The ACT government will be funding a series of citizens juries to make important reforms. The first citizens jury will give its verdict on the best ways to improve the ACT compulsory third party (CTP) scheme without making premiums more expensive. Currently, the cheapest insurer in the scheme is at least $100 more than the Australian average.
Why the change?
In the ACT, CTP does not cover accidents where fault cannot be proven – 40% of motor accident injuries. If a driver hits a kangaroo (all too common in the ACT) they cannot claim on the CTP scheme. ACT is one of the last places in Australia where everyone must prove fault to get benefits.
Second, it can take 2 years or more to get a payout because of the need to prove fault. This means injured parties have to wait a long time for any resolution. Not only that, the process is more costly.
Why citizens jury?
It is interesting that Canberra is Australia’s political home and the ACT government is funding citizens juries to make some important decisions. Citizens juries are a type of deliberative democracy. This is where ordinary people come together to discuss, debate and decide.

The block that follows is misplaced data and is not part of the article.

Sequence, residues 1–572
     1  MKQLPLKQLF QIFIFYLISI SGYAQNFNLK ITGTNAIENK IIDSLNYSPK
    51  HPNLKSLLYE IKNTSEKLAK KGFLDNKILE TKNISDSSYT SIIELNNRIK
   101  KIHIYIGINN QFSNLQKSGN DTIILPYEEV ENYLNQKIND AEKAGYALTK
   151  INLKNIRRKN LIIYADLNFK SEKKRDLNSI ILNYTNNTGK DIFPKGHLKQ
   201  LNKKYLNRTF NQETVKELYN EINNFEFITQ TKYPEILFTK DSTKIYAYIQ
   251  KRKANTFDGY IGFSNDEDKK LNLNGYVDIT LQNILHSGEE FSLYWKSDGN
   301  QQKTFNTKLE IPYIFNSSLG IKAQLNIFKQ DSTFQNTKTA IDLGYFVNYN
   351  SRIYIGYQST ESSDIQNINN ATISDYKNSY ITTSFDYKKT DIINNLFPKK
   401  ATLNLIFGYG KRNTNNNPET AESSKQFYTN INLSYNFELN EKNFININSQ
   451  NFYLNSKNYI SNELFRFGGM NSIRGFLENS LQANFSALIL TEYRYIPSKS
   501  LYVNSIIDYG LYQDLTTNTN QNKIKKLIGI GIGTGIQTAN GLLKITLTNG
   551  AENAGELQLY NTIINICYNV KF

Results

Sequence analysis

Since 285,000 Canberrans own vehicles and pay up to $565 each year for CTP, they care about reforming the CTP scheme.
How it works
The citizens jury will work like this:
- In early September, government sends out 6,000 invitations to randomly selected households. It needs 300 registrations to choose 50 jurors who most closely represent the community.
- In October, jurors spend two weekends making a list of scheme priorities . This list goes to a stakeholder group of legal and health professionals, government officials and disability advocates to develop possible schemes.
- In March 2018, jurors spend one weekend scrutinising the schemes before choosing a new model in mid-2018.
Have your say
If you are not chosen for the citizens jury on CTP, you can still have your say about ACT CTP here: